South Westland Jobs For Nature Future Discussed

19 July 2022
Development West Coast
A hui was held at the Fox Glacier Community Centre on 12 July to workshop the future of Jobs For Nature (J4N) in South Westland.

The programme has just entered its third year after being quickly stood up in 2020 in a great show of collaboration between the local community and Department of Conservation (DoC). During this time 170 people from 43 separate businesses have completed over 70,000 hours of conservation work.

A total budget of $3.78m was committed and the funding support finishes at the end of June 2023.

Development West Coast (DWC) Chief Executive, Heath Milne said “The government has been very clear that, as we are heading out of COVID, at the end of the current funding term in June next year the project will need to stand on its own two feet if it’s going to continue. That was the main driver of the hui in Fox.”

Facilitated by DoC and Ministry of Business, Innovation and Employment (MBIE), the hui was attended by representatives from key stakeholder groups including tourism business operators, DoC, DWC, Ministry of Social Development (MSD), and MBIE.

Everybody at the workshop agreed that there was a real opportunity to capitalise on the success of the South Westland Job for Nature program and agreed to form a working group to develop a more enduring Job for Nature service.

Rob Stewart of Skydive Franz and Fox said “Our team have learned a lot while working with DoC and this is proving valuable when they are speaking with our skydive clients. They know a lot more about our natural environment which is a real value add to our offering.”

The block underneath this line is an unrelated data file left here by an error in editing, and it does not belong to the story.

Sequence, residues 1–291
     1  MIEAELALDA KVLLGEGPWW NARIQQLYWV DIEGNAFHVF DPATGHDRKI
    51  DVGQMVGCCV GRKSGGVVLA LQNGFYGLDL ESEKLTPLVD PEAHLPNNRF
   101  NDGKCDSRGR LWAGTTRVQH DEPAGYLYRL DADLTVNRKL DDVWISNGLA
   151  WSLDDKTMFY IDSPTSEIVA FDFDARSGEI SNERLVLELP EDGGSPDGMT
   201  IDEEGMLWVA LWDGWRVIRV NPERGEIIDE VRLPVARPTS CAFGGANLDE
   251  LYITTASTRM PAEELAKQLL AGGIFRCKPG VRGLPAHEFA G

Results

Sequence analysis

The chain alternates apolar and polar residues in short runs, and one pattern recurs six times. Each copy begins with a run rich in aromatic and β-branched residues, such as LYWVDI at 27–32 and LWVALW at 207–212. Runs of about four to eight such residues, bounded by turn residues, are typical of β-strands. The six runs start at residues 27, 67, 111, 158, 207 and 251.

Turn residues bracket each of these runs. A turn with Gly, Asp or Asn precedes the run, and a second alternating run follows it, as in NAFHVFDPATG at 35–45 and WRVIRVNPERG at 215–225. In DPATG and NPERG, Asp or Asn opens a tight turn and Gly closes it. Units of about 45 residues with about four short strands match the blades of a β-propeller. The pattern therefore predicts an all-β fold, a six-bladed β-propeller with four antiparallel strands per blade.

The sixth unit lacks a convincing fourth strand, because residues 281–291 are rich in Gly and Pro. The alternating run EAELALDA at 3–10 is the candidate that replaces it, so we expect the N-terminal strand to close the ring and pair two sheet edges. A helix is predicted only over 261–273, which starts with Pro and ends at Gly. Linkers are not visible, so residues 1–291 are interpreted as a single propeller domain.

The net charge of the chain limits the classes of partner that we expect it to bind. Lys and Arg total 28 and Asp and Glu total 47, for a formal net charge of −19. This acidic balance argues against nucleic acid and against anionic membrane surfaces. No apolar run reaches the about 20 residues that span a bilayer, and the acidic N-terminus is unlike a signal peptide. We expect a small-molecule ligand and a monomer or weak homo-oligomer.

The programme has delivered real conservation benefits including several new species being discovered and walking tracks and other assets have never been in better shape.

Ministry of Social Development’s Regional Commissioner, Craig Churchill, explained that the real success of the Jobs for Nature Programme was that during a very challenging period, it retained full employment for a significant number of people in South Westland and, importantly, kept them connected to their community.

“We believe that if it wasn’t for the success of South Westland’s Jobs for Nature Programme, local businesses would have had to close and their employees would have had to either move away from their community to find work, or come onto a Work and Income Job Seekers Benefit.

The hui resulted in a working group being formed to develop the proposition further.

Jobs for Nature South Westland

Facts at a glance

  • 170 people have been involved in Jobs for Nature at some point since the start of the programme.
  • 43 business partners are currently registered with Jobs for Nature.
  • 70,000+ hours completed, equivalent to 45 full time people.
  • Over 80 km of tracks upgraded and/or maintained.
  • Over 900 ha of weeds controlled.
  • Over 11,000 hours of threatened species work including surveys, field monitoring, transmitter replacement.
  • Over 12,500 hours in threatened species analysis work including acoustic analysis, camera trap monitoring, data management, species identification.
  • Over 2,000 hours of other species practical and analysis work including trap building, acoustic analysis, and data management.

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